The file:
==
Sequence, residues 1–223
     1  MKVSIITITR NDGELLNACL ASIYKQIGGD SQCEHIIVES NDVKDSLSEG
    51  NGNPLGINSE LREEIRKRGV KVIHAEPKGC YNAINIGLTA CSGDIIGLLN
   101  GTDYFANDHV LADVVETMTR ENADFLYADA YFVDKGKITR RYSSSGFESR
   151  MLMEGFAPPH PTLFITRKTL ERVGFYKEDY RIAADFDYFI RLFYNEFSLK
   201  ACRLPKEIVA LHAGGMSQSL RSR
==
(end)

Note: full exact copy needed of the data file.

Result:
Sequence, residues 1–223
     1  MKVSIITITR NDGELLNACL ASIYKQIGGD SQCEHIIVES NDVKDSLSEG
    51  NGNPLGINSE LREEIRKRGV KVIHAEPKGC YNAINIGLTA CSGDIIGLLN
   101  GTDYFANDHV LADVVETMTR ENADFLYADA YFVDKGKITR RYSSSGFESR
   151  MLMEGFAPPH PTLFITRKTL ERVGFYKEDY RIAADFDYFI RLFYNEFSLK
   201  ACRLPKEIVA LHAGGMSQSL RSR